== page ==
Select Page

I was introduced to the idea of organizational buy-in at the beginning of the Fall 2007 semester by the RD of the dorm in which I worked. When he began describing this idea I found it intriguing and immediately decided to keep it in mind as much as possible in every organization I work in. Organizational buy-in is the idea that a group member does not have to agree with a decision in order to support the decision. For instance, though a team member may feel strongly that the group should make Decision X while the majority chooses to make Decision Y, the minority team member can still buy-in to the decision of the team and give it his full support.

After thinking about this idea, there is a particular criteria I feel must be in place for a member to be able to fully practice buy-in. The member must have full trust that leaders and members are making decisions solely based on what they feel is best for the organization. Though there may be differences in a group as to what is best, it must be understood that everyone is looking for what they believe is best. This belief can only be created through past experiences where members have seen one another act only for the good of the organization. The past and present motives of organizational leaders and members must be pure for one to really be trusting enough to practice buy-in.

About a month ago, I was working with a friend on a project. We and a few others had spent several hours working on this task for our organization. Because of the time we had all invested, the project had become very important to us. However, despite our work, things were not turning out nearly as well as we had hoped. This friend, who was also the group leader, looked at me and said “This just isn’t good enough, we’re going to have to forget the whole project.” At first, I was angry, knowing the time that had been invested by several people. However, in past experiences this leader has proven to only make decisions based on what he feels is best for the organization. Recognizing his purity of motive, I found myself in a place where I was forced to practice organizational buy-in. I did not want to scrap the entire project and it is not the decision which I would have made at that moment. In all seriousness, I did not like the decision at all. However, I found myself forced to look at him and say, “I’m not sold, but I’ll buy it.”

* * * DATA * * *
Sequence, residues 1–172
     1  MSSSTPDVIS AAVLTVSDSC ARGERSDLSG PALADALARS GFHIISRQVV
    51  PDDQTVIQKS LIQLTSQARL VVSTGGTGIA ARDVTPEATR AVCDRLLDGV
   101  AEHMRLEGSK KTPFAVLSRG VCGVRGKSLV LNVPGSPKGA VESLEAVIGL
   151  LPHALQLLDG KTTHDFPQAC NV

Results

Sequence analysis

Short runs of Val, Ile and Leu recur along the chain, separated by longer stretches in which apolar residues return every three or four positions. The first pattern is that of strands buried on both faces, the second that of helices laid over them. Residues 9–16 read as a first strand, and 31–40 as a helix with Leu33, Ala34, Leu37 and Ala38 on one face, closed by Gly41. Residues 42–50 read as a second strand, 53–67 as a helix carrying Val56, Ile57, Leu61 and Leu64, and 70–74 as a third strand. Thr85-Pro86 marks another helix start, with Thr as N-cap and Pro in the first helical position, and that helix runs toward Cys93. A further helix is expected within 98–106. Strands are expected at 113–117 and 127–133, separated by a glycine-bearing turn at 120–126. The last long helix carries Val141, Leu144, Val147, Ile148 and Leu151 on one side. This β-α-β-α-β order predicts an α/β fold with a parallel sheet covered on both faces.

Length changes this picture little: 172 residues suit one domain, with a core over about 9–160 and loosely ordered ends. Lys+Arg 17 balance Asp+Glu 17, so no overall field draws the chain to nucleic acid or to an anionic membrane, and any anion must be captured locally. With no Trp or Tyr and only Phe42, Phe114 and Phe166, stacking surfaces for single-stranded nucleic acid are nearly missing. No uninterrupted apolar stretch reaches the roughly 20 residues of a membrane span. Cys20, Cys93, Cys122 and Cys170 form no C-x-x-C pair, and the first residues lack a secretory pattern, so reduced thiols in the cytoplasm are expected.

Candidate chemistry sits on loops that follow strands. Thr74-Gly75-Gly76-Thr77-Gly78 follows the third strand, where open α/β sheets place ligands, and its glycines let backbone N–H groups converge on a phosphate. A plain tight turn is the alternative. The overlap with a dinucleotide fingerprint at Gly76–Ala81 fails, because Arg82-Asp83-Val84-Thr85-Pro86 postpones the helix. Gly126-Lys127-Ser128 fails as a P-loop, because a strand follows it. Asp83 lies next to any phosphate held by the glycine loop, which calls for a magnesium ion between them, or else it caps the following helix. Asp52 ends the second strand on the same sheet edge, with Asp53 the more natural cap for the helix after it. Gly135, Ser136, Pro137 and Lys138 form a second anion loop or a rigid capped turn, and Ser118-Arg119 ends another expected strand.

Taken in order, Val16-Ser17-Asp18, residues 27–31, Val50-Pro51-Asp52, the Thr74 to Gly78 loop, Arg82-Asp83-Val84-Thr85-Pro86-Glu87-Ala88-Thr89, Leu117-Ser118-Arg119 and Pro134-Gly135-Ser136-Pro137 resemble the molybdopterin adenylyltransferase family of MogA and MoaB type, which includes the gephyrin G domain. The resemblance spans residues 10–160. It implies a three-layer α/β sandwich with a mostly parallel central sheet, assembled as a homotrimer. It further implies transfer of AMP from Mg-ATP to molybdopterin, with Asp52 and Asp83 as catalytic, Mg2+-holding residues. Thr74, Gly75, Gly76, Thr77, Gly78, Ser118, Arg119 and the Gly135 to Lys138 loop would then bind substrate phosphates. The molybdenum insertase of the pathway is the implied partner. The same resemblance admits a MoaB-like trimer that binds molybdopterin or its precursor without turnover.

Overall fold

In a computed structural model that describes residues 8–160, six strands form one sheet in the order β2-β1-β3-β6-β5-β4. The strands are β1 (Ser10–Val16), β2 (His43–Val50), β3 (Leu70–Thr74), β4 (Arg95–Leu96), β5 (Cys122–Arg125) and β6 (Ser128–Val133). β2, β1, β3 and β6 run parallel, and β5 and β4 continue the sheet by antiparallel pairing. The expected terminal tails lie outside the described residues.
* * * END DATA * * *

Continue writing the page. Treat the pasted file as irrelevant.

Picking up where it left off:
Organizational buy-in is not agreeing with a decision. It is not changing one’s mind entirely about something and simply succumbing to the authority or majority. Instead, it is recognizing that the leader or group majority prefers a different decision than that which you prefer and recognizing that the motives of the leader/majority are pure. Being that a minority group member cannot change the decision, the best thing to do is buy-in and give one’s full support to a decision. True buy-in causes one to talk positively about the made decision and its creators and lead everyone they can in the direction of the decision, despite their personal feelings about it. A person does not have to be sold on the decision to buy it.

I really like this idea and hope I can apply it in every organization I serve in. I know that there will always be decisions that I’m not convinced are the best. However, I hope I am never at the place where I will not buy-in to a decision simply because I am not sold on it. Sure, there will be decisions that I will find myself unwilling to support. But on many issues, it will be better for me to value the organization over my own personal desires.

Share This

Tired of meetings that leave your team exactly where you started?

Meetings that Matter Web Short Cover

Your free eBook is on its way! Get ready to start having great meetings that matter.